One of my New Year’s resolutions was to take a children’s book writing class so I signed up for one through my local community education program: Children’s Book Writing with Margo Lemieux. She teaches art at Lasell college but has also written children’s books. Interestingly, she has not yet illustrated her picture books. I found one of hers at my local library and it’s perfect for a spring diversity pick.
Full Worm Moon by Margo Lemieux, illustrated by Robert Andrew Parker
Native American parents tell their eager children the story of the Full Moon Worm which brings the earthworms to the surface, helping prepare the ground for planting. They stay awake all night to catch this phenomenon, and thus the spring rituals of planting begin. [picture book, ages 4 and up]
Taking a Children’s Book Writing Course
I wanted to share with some of the benefits of taking a class if you are thinking about getting a children’s book published:
1. Meet Nice People Interested in KidLit.
My group had three illustrators so it was particularly stacked with talent: Jannie Ho is a published illustrator working on writing her books, Jen Betton teaches illustration and has a literary agent with queries out to publishers, and Katia Wish is the 2011 winner of the Tomie dePaola Award from the Society of Children’s Book Writers and Illustrators.
2. Learn About the Publishing Industry.
Some of the handouts that Margo provided are available online:
Book Formats and Age Levels from UnderDown.org
FAQ’s from SCBWI.org
20 Tips for Writing Children’s Books by Pat Mora
From KeyBoard to Printed Page edited by Kim Turrisi
3. Get Writing Assignment with DEADLINES!
Our first writing assignment was to write the first sentence of our manuscript three different ways. Our group then voted for their favorite one.
Next, we wrote the back story to our book. The idea was to create a deeper character by telling the story before the actual story.
Finally, we submitted one page of our manuscript to three of our classmates for feedback.
4. Set Goals!
Four weeks — 8 hours of class in total — is not enough to turn yourself into a published author, but it’s a good place to get a lay of the land and get to work setting goals. Margo said that a Harvard Business School study showed that those who set clear goals were the most successful, therefore she made us write out our goals.
In the book What They Don’t Teach You in the Harvard Business School, Mark McCormack tells a study conducted on students in the 1979 Harvard MBA program. In that year, the students were asked, “Have you set clear, written goals for your future and made plans to accomplish them?” Only three percent of the graduates had written goals and plans; 13 percent had goals, but they were not in writing; and a whopping 84 percent had no specific goals at all.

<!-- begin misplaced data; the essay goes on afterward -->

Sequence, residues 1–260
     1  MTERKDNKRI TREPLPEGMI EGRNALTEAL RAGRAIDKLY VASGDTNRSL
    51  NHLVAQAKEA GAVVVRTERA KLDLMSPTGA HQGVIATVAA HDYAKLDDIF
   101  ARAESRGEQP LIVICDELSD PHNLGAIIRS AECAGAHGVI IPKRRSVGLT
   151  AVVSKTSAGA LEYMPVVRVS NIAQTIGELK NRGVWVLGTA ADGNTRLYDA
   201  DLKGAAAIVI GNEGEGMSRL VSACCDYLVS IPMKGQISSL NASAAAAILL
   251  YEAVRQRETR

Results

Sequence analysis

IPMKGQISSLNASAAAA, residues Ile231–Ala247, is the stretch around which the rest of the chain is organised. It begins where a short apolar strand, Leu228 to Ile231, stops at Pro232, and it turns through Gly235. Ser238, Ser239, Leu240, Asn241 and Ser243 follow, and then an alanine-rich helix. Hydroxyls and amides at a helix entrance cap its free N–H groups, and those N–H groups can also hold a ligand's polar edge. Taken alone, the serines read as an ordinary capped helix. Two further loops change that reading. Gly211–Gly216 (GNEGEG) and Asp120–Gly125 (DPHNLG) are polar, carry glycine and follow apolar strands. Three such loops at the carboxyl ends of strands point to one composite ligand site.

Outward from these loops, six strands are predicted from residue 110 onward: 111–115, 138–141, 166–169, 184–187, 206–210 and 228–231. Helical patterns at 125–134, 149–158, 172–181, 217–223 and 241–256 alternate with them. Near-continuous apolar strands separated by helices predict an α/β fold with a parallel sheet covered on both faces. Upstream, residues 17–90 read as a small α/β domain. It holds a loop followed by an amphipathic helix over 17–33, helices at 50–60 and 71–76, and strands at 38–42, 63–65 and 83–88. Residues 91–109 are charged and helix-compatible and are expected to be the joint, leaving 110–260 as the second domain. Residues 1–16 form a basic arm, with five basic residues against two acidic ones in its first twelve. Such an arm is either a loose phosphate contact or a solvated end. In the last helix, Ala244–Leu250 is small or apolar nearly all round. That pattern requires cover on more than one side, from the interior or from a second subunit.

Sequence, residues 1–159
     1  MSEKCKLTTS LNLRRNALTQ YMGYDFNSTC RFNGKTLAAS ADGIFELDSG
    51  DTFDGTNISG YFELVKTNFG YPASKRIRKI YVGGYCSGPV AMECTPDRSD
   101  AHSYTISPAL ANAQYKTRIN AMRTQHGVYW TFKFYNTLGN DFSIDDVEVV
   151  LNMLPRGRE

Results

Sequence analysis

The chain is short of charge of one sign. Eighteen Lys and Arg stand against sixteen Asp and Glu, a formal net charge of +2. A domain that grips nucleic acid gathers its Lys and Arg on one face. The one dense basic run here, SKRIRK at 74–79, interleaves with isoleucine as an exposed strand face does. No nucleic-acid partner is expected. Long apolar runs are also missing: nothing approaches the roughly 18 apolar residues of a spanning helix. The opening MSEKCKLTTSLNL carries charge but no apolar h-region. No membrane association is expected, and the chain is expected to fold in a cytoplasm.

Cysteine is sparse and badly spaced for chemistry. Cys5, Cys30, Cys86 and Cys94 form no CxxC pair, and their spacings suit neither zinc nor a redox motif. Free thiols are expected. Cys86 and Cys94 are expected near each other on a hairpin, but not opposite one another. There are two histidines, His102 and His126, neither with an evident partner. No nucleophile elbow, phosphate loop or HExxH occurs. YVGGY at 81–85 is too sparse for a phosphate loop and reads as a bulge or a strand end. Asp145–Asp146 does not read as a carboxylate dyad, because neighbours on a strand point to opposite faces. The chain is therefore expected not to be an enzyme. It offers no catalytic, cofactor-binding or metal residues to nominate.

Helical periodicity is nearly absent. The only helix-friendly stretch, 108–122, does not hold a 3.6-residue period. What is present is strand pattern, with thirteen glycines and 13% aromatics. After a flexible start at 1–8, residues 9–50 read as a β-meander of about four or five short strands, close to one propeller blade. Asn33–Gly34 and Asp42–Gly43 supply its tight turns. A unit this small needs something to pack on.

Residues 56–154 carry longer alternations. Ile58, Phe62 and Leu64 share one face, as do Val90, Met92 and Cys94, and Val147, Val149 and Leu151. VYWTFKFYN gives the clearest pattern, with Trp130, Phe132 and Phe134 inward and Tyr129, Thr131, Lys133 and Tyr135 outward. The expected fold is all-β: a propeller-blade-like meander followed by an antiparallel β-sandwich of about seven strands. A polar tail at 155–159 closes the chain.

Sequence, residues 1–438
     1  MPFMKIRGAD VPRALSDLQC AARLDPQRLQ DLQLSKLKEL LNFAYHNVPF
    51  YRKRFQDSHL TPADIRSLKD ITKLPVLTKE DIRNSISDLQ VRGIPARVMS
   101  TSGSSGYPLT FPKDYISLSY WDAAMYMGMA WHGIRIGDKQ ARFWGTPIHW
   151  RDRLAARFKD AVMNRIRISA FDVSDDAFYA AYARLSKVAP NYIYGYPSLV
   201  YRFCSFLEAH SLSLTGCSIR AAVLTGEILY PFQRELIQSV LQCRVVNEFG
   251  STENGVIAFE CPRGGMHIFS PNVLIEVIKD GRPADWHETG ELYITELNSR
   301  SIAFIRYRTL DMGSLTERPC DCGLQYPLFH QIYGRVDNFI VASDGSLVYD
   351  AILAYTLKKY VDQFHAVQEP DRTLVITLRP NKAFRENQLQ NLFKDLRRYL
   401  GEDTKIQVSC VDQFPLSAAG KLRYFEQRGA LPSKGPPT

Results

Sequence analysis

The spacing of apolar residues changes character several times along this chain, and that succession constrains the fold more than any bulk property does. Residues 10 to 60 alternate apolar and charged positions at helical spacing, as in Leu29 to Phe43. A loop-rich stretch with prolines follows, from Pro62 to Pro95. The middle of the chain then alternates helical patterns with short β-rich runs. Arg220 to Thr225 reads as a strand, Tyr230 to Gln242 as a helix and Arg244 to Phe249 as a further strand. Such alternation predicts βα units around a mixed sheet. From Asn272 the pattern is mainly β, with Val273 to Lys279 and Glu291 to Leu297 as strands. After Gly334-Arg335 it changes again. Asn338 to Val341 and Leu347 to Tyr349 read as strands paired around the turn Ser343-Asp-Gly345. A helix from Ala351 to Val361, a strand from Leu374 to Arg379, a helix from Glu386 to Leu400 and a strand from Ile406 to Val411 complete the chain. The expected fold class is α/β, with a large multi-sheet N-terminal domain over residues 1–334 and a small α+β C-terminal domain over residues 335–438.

Ten years later, the members of the class were interviewed again, and the findings, while somewhat predictable, were nonetheless astonishing. The 13 percent of the class who had goals were earning, on average, twice as much as the 84 percent who had no goals at all. And what about the three percent who had clear, written goals? They were earning, on average, ten times as much as the other 97 percent put together.
These are my goals for the year:
- Write 12 picture book manuscripts. I am also doing 12 x 12 Challenge: 12 Picture Books, 12 Months. I have 3 so far in various draft forms.
- Join a critique group. I joined a local group from SCWBI.
- Write the first draft of my middle grade fiction book. Not very far along with this.
- Go to one book related event. Have not figured this out yet.
- Submit manuscript to a literary agent. Will do so through 12 x 12.
- Research agents. I have done nothing towards this yet, but my dream agent is Danielle Smith of Red Fox Literary because I feel like I know her through her blog and social media.
- Make a list of personal contacts from blogging to get feedback when I’m ready. Haven’t done this yet.
- Take a grammar refresher class and/or read grammar refresher book/s. I own these and have to re-read. Margo says there’s a free EdX class called WRITE 101 which I might audit.
Typing up my goals reminds me that I better get to work! I am so behind!
p.s. Related posts:
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BEST #OWNVOICES CHILDREN’S BOOKS: My Favorite Diversity Books for Kids Ages 1-12 is a book that I created to highlight books written by authors who share the same marginalized identity as the characters in their books.